Today, 802.11b− and 802.11a−based PC Card devices are easily available. These devices come with their software drivers and have a built−in antenna. Figure 1 shows an example of a PC Card−based wireless LAN adapter.
CardBus standard, in layman terms, is a 32−bit version of PCMCIA; it is also backwards compatible with PCMCIA. Therefore, if your computer has a Card−Bus slot, it will work with a PC Card. But if you have a PC Card slot, it will not work with a CardBus card.
- Compact Flash (CF) Wireless LAN Adapters
Compact flash (CF)−based wireless LAN adapters are relatively new to the market. CF is a hardware interface standard that is smaller than PC Card and is widely used in handheld computers and PDAs.
The CF connectors are similar to PC Card, and CF devices can also be used in PC Card slots using an extension device called CF jacket.
Mobile users, who have both a laptop computer and a PDA, often buy devices that are CF compliant for use with their PDAs; they can also use the same CF device with their laptops using CF jacket so that they do not have to buy two separate wireless LAN adapters.
An example of a wireless LAN adapter is shown in Figure 2.
- Peripheral Component Interconnect (PCI)
Wireless LAN Adapters New hardware functionality is added to desktop computers using hardware devices that comply with the Peripheral Component Interconnect (PCI) standard.
These devices contain electronic circuits on the printed circuitboards and have connectors on one edge. An example of a PCI wireless LAN adapter is shown in Figure 3.
Wireless LAN Access Points (APs)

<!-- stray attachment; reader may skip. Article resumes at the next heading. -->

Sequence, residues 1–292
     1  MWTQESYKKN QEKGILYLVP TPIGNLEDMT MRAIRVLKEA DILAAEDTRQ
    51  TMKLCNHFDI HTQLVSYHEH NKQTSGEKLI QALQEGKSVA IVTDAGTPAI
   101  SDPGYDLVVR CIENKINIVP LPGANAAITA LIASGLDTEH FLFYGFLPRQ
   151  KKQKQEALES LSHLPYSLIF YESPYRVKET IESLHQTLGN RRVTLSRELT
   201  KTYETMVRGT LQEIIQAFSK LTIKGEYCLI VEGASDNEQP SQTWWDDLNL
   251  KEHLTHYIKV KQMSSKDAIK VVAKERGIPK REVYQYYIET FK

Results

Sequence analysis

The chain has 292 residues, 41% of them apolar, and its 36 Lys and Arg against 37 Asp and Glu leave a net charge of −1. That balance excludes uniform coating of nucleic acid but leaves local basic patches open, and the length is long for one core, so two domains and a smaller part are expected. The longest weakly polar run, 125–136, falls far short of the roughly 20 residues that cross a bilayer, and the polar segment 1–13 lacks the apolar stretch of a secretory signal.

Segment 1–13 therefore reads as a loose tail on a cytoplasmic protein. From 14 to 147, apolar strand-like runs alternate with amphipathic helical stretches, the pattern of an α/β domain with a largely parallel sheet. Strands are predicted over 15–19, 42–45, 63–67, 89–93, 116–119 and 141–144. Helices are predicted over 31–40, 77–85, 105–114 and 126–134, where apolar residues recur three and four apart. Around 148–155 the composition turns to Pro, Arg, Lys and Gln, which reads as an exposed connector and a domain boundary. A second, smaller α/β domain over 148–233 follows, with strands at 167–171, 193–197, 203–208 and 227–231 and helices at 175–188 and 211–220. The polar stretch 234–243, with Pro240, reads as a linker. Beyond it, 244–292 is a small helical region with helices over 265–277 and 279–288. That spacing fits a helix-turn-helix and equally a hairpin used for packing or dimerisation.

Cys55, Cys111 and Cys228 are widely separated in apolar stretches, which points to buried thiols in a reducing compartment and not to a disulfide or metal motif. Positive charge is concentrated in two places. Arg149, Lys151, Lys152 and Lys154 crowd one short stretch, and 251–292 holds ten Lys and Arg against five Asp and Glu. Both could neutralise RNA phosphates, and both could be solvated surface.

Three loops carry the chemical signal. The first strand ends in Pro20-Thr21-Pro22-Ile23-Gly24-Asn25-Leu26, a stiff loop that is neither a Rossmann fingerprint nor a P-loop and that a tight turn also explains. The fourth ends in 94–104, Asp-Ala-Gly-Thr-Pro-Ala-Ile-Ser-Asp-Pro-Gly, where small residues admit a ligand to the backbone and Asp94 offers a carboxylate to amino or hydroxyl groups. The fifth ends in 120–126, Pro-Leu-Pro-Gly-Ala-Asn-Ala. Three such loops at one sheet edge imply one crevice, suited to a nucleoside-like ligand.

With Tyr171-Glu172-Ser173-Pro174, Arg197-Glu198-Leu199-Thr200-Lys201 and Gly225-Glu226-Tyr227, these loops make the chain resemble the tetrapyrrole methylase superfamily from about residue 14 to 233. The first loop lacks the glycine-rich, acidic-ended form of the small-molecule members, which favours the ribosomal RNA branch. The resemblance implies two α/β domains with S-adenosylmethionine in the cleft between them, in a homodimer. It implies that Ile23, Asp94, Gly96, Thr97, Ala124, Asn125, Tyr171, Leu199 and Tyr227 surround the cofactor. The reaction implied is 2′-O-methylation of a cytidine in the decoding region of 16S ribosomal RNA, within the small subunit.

Wireless LAN access points (APs) are wireless LAN devices that make up the central portion of a wireless LAN that operate in the infrastructure mode.
All LAN traffic in a wireless LAN operating in infrastructure mode must go through an access point. Most wireless LAN APs are standalone devices and do not need to be installed or physically interfaced with a computer.
Physically, APs normally have one or two antennas, small light indicators showing the status of the AP, a power jack for providing the electric current necessary to operate the device, and a few wired LAN jacks, typically RJ45, to connect the AP to a wired LAN.
Figure 4 shows a wireless LAN AP.
Wireless LAN Antennas
Most wireless LAN devices like APs and PC Card adapters come with built−in antennas. However, if you feel that you are not receiving a strong enough signal using regular antennas, often you can add external antennas to wireless LAN devices.
Also, if you are connecting two physically separated LAN sites using wireless LAN equipment, you will most probably need external antennas. You should contact the manufacturer of your wireless LAN equipment for more information on antennas that will be suitable for your needs.
Networking Support Servers
The networking support servers include the computers that play key roles in a LAN. For example, file servers include large capacity disks and allow file−sharing; network−authentication servers allow network access to only authorized users; and print servers allow sharing of a printer among LAN users.
If you are planning to use a network−support server, you should make sure that you have applicable networking hardware available for that server. For example, if you are planning to use a network print server, you should have at least one computer with a printer attached that is connected with the wireless LAN.